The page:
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Nobility, was bilious

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  • Stolzi@aol.com
    CS Lewis points out in one of his letters that we all have an equally long ancestry, it s just that in the case of royalty and nobility, more steps of it are
    Message 1 of 2 , Mar 28, 2003
      CS Lewis points out in one of his letters that we all have an equally long
      ancestry, it's just that in the case of royalty and nobility, more steps of
      it are known.

      As a counterpoint to which, I might add that a recent article is out there in
      which a man got curious and used computer number theory on genealogical
      research: he says that anyone who has North European ancestry - which is
      probably most of us here - is descended from royalty. Anyone. (Also that
      we're all descended from the Prophet Muhammad, which I personally could do
      without... but there it is!)

      What is that quote from the Narnia Chronicles about "You are all descendants
      of the Lord Adam and the Lady Eve" -- ? Ah, here it is.

      "I do indeed, Sir," said Caspian. "I was wishing that I came of a more
      honourable lineage."

      "You come of the Lord Adam and the Lady Eve," said Aslan. "And that is both
      honour enough to erect the head of the poorest beggar, and shame enough to
      bow the shoulders of the greatest emperor on earth. Be content."


      [Just this minute thinking... an emperor on WHICH earth?]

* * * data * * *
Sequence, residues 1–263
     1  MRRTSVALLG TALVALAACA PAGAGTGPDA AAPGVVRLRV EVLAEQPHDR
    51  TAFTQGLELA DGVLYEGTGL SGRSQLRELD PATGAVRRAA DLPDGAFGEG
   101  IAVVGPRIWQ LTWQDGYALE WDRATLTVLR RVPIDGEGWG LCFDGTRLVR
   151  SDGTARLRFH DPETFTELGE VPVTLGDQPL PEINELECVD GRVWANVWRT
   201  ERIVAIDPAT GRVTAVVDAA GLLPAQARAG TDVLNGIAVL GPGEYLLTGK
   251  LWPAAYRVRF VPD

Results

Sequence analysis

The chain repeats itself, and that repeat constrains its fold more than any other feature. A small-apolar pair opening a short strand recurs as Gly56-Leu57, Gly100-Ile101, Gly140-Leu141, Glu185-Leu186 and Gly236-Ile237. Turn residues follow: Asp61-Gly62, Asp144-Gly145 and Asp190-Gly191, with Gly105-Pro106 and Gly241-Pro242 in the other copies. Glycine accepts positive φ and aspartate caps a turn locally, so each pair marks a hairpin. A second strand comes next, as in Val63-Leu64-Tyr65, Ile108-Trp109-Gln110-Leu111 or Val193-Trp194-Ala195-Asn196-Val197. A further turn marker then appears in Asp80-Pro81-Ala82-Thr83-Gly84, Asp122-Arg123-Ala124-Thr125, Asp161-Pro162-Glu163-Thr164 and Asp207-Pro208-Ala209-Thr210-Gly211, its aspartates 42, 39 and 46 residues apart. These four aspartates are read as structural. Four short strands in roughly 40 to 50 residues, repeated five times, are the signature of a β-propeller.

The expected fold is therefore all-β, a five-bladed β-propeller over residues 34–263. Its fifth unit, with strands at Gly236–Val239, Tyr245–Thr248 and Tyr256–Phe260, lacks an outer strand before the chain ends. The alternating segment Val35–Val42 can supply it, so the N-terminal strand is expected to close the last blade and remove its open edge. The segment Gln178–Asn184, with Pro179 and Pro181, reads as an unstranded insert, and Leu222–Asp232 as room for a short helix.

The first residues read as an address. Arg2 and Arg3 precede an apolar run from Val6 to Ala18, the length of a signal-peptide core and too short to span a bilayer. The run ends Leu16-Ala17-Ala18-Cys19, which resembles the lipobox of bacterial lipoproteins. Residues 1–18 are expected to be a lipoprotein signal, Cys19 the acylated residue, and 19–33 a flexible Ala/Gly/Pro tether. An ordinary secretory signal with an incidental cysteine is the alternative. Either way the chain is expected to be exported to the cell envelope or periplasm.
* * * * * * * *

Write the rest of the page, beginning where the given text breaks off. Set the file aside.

Diamond Proudbrook
    • WendellWag@aol.com
      In a message dated 3/28/2003 9:38:30 PM Eastern Standard Time, Stolzi@aol.com ... This is a nitpicky point, but whatever mathematical methods this man used and
      Message 2 of 2 , Mar 30, 2003
        In a message dated 3/28/2003 9:38:30 PM Eastern Standard Time, Stolzi@...
        writes:


        > . . . I might add that a recent article is out there in
        > which a man got curious and used computer number theory on genealogical
        > research . . .

        This is a nitpicky point, but whatever mathematical methods this man used and
        whatever computer resources he used, he did not use "computer number theory."
        I've tried to think of any possible way to apply number theory to this
        subject and I can't come up with any. There is no subject called "computer
        number theory," as far as I know. I presume you mean just that this man
        found a mathematical technique to analyze genealogical data and used
        computers to aid his research.

        Wendell Wagner


        [Non-text portions of this message have been removed]
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